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Although politicians may be reluctant to use the ‘C’ word, everybody else recognises that Britain is in the throes of an energy crisis. We haven’t seen anything quite like it for almost 50 years and it is causing serious concern for householders and businesses alike supporting the need and importance for taking energy meter readings.

What has fuelled this rise in energy costs?

The sudden increase has mostly been down to a rise in global demand for gas as the world’s economies recover from the pandemic alongside the depletion of reserves caused by last year’s exceptionally severe winter. All are contributing factors that have sent energy costs soaring. 

Since the start of 2021, the wholesale price of gas has risen by a staggering 250%; in fact, it rose by 70% in August alone. 

Since the UK has an unusually high dependence on gas to produce its electricity – somewhere in the region of 85% – both forms of energy are affected.

What is the impact on energy companies?

In January 2021, there were over 70 businesses supplying gas and electricity to consumers. Fourteen energy companies collapsed between 1 September and the end of October, with others expected to follow until we may be left with just the known six energy companies: British Gas, EDF Energy, E.ON, npower (they are in the throws of closing down and becoming part of E.ON), Scottish Power and SSE

Those companies that have collapsed are:

  • GOTO Energy Limited (18 October)
  • Daligas Limited (14 October)
  • Pure Planet (13 October)
  • Colorado Energy (13 October)
  • Igloo Energy (29 September)
  • Symbio Energy (29 September)
  • Enstroga (29 September)
  • Avro Energy (22 September)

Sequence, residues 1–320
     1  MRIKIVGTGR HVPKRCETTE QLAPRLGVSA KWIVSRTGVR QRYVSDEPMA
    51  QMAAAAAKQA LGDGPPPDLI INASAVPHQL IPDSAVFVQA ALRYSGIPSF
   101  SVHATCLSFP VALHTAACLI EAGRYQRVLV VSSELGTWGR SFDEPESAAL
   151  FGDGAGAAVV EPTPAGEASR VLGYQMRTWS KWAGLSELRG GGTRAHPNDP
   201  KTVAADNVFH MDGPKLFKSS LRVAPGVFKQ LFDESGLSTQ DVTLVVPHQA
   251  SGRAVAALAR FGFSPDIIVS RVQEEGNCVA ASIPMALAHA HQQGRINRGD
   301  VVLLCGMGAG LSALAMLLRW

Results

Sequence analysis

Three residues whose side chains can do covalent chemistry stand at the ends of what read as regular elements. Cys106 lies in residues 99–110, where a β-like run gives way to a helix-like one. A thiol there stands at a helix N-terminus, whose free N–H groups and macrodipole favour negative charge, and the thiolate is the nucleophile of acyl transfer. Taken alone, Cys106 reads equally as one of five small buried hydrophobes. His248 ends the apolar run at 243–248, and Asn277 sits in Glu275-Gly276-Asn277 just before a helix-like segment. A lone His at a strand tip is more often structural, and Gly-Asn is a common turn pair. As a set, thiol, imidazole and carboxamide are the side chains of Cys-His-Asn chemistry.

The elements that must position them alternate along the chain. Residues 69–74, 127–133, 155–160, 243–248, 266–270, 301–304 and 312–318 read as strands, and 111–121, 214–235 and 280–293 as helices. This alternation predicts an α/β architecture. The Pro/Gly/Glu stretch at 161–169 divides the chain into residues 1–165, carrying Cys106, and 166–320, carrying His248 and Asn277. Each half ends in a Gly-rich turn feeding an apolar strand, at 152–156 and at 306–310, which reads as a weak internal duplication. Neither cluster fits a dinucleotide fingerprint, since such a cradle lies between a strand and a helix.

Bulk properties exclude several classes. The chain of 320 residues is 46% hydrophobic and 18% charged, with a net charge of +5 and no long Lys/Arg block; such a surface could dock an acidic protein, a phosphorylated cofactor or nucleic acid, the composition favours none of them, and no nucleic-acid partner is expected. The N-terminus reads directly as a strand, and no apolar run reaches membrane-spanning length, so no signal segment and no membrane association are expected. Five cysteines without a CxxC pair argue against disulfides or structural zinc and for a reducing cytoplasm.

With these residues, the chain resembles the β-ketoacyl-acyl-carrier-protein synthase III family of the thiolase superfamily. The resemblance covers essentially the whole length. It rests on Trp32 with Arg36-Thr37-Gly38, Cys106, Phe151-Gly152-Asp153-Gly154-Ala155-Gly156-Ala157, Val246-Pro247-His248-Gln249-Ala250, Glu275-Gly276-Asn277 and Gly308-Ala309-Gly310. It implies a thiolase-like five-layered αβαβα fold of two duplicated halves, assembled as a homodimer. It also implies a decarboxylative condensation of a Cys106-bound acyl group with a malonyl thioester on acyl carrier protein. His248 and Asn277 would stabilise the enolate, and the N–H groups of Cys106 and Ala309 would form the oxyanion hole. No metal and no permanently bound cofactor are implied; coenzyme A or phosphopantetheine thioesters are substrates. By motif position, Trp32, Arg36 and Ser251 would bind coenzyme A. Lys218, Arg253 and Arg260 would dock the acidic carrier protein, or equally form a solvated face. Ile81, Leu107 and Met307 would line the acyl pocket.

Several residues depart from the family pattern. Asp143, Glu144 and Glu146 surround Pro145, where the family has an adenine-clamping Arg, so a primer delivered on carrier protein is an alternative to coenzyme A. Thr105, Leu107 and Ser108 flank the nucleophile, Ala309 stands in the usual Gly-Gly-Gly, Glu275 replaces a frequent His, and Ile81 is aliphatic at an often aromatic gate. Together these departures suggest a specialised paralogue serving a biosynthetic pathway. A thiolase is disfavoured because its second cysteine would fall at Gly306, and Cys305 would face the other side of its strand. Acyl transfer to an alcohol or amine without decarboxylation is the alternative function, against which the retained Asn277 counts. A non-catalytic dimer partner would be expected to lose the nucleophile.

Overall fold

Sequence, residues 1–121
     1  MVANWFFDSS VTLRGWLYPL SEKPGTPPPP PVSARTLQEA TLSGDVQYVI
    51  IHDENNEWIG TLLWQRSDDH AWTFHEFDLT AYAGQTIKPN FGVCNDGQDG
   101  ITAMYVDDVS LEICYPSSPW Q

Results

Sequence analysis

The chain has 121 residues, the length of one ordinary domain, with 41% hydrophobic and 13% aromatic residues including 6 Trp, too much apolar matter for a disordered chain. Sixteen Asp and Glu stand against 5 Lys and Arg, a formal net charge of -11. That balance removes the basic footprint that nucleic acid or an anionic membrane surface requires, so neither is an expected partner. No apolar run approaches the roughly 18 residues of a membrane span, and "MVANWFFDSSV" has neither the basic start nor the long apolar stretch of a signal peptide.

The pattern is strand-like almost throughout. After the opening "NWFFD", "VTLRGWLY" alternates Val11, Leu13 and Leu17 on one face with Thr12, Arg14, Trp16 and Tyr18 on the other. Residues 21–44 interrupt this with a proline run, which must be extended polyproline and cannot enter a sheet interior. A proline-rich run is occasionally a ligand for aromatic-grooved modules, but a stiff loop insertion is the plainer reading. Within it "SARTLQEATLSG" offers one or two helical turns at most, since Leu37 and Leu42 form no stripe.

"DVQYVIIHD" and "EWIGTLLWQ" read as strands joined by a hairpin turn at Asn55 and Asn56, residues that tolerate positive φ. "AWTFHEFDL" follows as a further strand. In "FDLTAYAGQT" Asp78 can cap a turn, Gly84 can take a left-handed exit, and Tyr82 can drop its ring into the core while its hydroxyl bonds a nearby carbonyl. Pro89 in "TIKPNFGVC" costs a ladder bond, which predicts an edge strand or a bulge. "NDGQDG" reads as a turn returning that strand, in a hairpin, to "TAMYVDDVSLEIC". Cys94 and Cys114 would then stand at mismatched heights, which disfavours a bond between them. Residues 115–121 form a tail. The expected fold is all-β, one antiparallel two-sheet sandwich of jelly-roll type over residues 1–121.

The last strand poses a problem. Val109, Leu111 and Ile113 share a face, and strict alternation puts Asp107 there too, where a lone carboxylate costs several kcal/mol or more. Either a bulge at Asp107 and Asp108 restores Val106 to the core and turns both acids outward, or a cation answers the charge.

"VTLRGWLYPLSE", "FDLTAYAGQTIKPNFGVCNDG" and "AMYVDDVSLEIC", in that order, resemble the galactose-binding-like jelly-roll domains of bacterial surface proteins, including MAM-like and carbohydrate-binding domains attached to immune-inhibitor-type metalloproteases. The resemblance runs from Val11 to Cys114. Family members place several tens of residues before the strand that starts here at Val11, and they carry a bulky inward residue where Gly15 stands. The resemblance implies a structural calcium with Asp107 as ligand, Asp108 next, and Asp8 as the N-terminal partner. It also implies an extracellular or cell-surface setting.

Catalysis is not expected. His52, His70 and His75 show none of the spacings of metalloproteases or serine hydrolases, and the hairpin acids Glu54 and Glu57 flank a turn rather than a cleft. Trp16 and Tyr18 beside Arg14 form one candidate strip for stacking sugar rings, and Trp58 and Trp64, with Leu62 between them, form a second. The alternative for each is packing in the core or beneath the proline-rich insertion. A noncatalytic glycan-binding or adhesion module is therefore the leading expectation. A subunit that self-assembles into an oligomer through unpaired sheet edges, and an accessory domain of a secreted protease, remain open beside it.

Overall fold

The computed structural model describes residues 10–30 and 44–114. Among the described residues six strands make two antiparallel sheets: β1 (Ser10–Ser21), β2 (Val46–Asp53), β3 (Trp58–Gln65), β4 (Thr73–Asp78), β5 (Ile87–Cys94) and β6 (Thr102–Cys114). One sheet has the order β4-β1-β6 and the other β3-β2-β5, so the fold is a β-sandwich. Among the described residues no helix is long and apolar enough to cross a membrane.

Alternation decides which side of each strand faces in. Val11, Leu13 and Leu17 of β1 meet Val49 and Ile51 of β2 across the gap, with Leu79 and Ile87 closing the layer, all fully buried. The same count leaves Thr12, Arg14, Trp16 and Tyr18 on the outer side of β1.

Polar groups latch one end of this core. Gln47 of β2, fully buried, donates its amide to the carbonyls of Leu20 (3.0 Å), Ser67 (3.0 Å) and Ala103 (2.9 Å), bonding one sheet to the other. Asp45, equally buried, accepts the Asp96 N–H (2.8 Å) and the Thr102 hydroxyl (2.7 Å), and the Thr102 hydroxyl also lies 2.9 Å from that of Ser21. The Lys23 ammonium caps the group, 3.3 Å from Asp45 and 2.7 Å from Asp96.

• Green Supplier Limited (22 September)
  • Utility Point (14 September)
  • People’s Energy (14 September)
  • PFP Energy (7 September)
  • MoneyPlus Energy (7 September)
  • HUB Energy (9 August)

Information courtesy of National World

Fuel bills are rising

Customers of the five largest failed suppliers face a weekly increase of £6.70 when they move to the default tariffs of the firms that are taking over their accounts. 

The energy price cap, imposed by the government to protect consumers on the most expensive standard variable rate, has increased by £139 for consumers on these default tariffs and £153 for those using pre-payment meters. 

The shockwaves have hit about two million people so far, with the upheaval far from over.

The normal response to energy price rises is to shop around for a better deal and switch providers, which is the rationale behind today’s privatised utilities industry; however, these are not normal times and it is virtually impossible to escape the consequences of this global phenomenon. 

The advice from industry experts such as Martin Lewis is not to switch but to hold tight and see where the dust lands. This is because there are no better deals – the price cap is the only one available and applies universally.

For tenants, this has come at a particularly bad time. 

The ban on evictions put in place during lockdown has been lifted; therefore, people in private rented accommodation have no option but to meet their full rental payment obligations, even when they might not have returned to their pre-pandemic earnings level. 

Their income will now be further squeezed and there is almost nothing they can do about it. Some energy customers are in the unenviable position of being passed by default from one failing company to another and have to accept the new tariff imposed.